County Health Officer urges caution noting most aren’t yet immune to COVID-19

by HEIDI DESCH
Editor | May 7, 2020 8:04 AM

Flathead County currently has no active confirmed cases of COVID-19 and the total number of cases has been holding steady for about three weeks, but the Flathead City-County Health Officer is still urging caution.

The county will likely see more cases moving forward, says Health Officer Hillary Hanson, and a low number of total cases means that a large majority of the county’s population does not have immunity to the virus.

“On the good side, we’ve been able to control it,” she said. “It’s put our community in a good place to start to reopen, but the hard part about it is that when we only had 37 known cases in Flathead County. It also means there’s a whole bunch of us that are not immune to this yet.”

The county had 37 positive cases of the virus, according to the health department, as of Wednesday morning. Two of the individuals, both over age 65 with underlying health conditions, died as the result of the virus. The 35 other individuals who tested positive are considered recovered.

“We’re still going to see cases,” Hanson told Whitefish City Council Monday. “We still need to be really cautious.”

The last new confirmed case of COVID-19 in the county was reported on April 13.

Symptoms of COVID-19 include cough, shortness of breath, fever, chills, muscle pain, headache, sore throat, and a new loss of taste or smell. Symptoms of the virus can appear two to 14 days after exposure, and can range from mild to severe, according to the U.S. Centers for Disease Control and Prevention.

Hanson says the big difference between influenza and COVID-19 comes down to immunity, and availability of hospital beds.

“When we’re looking at the flu not only do we have a vaccine available, we also have folks who have had the flu and have immunity to different strains of the flu,” she said. “What we’re looking at here [with COVID-19], none of us are immune to it.”

“While for some people those signs and symptoms may be minor, for others they’re going to be really major,” she said. “If we get a bunch of people sick at one time, we’re going to go beyond the resources we have available to care for those folks.”

Of the county’s positive cases, 17 individuals made contact with another person with the virus and 12 were associated with travel, according to the health department. Eight of the cases came from an unknown source, meaning the individuals likely contracted the virus while out in public.

Gov. Steve Bullock has issued a directive that remains in place ordering anyone who travels into the state to self-quarantine for two weeks. The order came in late March when the majority of COVID-19 cases in the state were linked to domestic or international travel.

Following the 14-day quarantine for those coming into the state, Hanson says, is essential in controlling the spread of COVID-19. She says the health department continues to work to educate folks about the quarantine.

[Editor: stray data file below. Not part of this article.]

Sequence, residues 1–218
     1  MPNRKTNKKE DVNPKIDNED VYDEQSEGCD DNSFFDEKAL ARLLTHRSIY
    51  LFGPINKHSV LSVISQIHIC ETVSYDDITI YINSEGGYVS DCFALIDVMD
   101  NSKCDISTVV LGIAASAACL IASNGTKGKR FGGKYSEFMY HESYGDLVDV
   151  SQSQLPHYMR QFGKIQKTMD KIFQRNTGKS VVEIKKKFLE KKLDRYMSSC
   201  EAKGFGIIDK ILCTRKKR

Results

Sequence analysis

“We’re trying to get the information out as much as possible,” she said. “We’ve distributed information to the vacation rentals and hotels, and per the mandate they have to let everyone know about the 14-day quarantine.”

In regards to testing, Hanson says any physician can order a COVID-19 test, and the state may soon look at making testing available to certain individuals who are asymptomatic.

“We have plenty of testing in the state at this point for anyone with signs and symptoms,” Hanson said.

Montana remains in the first phase of a three-phased plan, as set out by the governor, for reopening related to the COVID-19 pandemic. The phase allows for limited operations of retail businesses, restaurants and bars. It also limits group sizes of no more than 10.

There is no timeline for when the state could enter phase two and phase three. The second phase allows for increased operations for businesses and limits group sizes to no more than 50, while the third phase lifts much of the restrictions.

Hanson said Flathead County is currently following the governor’s three-phase plan to reopen, but if at any point, the health department determines that the county isn’t ready to move forward, it could look to put more restrictions in place.

“We do have the option at the local level to go more strict if we choose to,” she said. “At this point we’ve decided to go with the governor’s directives as they are laid out, but we are monitoring Flathead County.”

Hanson says the health department has put together a list of indicators to monitor the situation — number of cases and number of deaths related to COVID-19, along with ensuring the hospitals have enough personal protective equipment and an adequate number of open beds.

“If we ever get at a point where we get nervous about resources, we can look at what’s going on in the community and try to control it at that point,” she said.

As part of the phased reopening, the health department has put out guidelines for businesses on how to operate with reduced capacity and following social distancing. The health department has also been working with long-term care facilities, daycares and school districts.

“Daycares were never required to close, but many of them chose to because they follow what the school districts do,” she said. “We’ve seen lots of other groups come to us for assistance.”

Montana on Wednesday, had 456 confirmed cases of COVID-19 with almost 20,000 tests completed. The state has recorded 16 deaths related to the virus, 62 total hospitalizations and 417 individuals have recovered.

For more information, https://flatheadhealth.org/novel-coronavirus-covid-19/